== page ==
General counsel will therefore need to consider if their company's chemicals could be subject to Authorisation, and if so, they will need to put in place a clear plan for dealing with the process, including developing an appropriate strategic approach as such chemicals are inevitably going to be politically sensitive. Further, dealing with substitution and also demonstrating socio-economic benefits will also need to be thought through carefully.
Finally, it should be noted that the Authorisation process is not the only use control mechanism under REACH as any chemical may be subject to either manufacturing or marketing and use restrictions if certain risks to human health or the environment arise that need to be addressed, regardless of whether these chemicals are subject to Registration or not. A special process for the determination and implementation of restrictions applies under REACH and so again general counsel will need to consider if this might apply to their company's chemicals and develop a strategy to deal with this accordingly.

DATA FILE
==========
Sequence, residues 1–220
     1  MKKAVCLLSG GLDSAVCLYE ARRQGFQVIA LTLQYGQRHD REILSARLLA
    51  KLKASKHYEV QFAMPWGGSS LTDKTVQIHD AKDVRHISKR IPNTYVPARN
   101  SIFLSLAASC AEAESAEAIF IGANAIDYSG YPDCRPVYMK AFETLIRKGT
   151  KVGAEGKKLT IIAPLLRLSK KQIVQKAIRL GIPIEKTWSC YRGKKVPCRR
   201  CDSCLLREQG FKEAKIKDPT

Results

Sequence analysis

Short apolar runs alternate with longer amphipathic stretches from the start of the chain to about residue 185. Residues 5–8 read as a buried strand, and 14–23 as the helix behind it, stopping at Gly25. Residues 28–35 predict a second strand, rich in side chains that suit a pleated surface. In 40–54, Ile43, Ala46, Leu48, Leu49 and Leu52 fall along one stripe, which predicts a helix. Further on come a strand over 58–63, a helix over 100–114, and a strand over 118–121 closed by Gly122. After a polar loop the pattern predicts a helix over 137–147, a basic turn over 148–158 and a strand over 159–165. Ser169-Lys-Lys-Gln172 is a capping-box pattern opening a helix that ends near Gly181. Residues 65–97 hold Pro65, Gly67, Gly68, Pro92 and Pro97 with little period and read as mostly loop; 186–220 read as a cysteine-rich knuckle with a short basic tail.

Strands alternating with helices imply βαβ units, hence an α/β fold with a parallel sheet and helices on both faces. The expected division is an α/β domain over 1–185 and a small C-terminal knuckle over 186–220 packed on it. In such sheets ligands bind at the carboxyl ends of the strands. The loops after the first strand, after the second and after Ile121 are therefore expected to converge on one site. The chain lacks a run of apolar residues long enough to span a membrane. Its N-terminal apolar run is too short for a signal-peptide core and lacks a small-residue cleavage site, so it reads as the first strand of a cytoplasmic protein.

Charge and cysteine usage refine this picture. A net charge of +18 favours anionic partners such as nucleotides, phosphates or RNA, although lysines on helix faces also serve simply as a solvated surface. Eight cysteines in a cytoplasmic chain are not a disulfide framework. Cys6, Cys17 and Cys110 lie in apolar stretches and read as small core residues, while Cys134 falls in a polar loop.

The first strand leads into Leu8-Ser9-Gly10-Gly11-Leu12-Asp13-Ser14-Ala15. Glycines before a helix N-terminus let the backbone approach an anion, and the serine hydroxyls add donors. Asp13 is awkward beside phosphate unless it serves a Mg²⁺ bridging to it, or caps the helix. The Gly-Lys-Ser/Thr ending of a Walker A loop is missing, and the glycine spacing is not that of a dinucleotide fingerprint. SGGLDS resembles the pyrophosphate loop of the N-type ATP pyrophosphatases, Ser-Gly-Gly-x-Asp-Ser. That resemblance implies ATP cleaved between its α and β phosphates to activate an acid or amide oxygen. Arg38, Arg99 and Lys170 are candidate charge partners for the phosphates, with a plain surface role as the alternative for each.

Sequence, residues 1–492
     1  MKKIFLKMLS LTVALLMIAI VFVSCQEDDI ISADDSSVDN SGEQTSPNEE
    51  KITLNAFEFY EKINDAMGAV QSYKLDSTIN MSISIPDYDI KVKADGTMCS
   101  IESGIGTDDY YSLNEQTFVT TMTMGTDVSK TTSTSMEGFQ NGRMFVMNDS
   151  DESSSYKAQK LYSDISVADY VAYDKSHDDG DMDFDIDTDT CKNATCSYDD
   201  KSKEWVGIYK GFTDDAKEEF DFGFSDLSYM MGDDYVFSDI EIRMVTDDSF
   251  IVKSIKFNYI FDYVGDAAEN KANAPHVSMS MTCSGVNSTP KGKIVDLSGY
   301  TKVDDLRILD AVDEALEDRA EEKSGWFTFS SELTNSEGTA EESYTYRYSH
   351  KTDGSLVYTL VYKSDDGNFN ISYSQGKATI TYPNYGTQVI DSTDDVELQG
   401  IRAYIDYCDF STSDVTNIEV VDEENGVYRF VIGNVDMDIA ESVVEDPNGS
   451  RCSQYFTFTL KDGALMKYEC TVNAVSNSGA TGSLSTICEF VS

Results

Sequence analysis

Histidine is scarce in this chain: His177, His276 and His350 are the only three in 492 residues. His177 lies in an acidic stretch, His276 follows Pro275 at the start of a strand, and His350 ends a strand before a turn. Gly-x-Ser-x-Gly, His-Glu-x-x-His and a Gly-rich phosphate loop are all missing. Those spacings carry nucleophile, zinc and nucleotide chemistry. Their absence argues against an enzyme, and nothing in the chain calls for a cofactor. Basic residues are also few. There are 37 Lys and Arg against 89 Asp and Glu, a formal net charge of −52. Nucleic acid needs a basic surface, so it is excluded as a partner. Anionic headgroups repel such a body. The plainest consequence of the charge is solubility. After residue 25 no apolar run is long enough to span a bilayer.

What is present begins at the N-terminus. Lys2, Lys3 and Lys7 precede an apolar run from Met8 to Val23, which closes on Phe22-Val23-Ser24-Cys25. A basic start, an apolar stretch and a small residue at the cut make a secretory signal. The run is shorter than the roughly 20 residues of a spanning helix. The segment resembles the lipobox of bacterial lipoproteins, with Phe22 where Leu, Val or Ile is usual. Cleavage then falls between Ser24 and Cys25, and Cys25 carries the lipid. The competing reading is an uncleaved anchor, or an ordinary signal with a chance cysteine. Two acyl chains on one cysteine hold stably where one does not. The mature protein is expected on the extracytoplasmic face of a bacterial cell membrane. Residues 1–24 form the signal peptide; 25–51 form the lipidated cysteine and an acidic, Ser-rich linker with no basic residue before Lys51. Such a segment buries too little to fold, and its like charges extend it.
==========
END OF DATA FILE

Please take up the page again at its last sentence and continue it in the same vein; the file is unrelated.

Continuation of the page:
What About Confidentiality And Data Protection?
Certain information will automatically be considered as not being confidential and for certain other information a claim of confidentiality will have to be made out where harm to commercial interests of the company are at stake. As for data protection, in the sense that certain information generated to be used, for example, in the "Chemical Safety Report," can be protected and free-riders prevented from using such information, this is not really covered under REACH. General counsel should therefore be careful to ensure that its confidentiality rights are being protected throughout the REACH process and also develop mechanisms to deal with data protection, where possible, through the application of intellectual property rights also bearing in mind the abovementioned data-sharing requirements of REACH.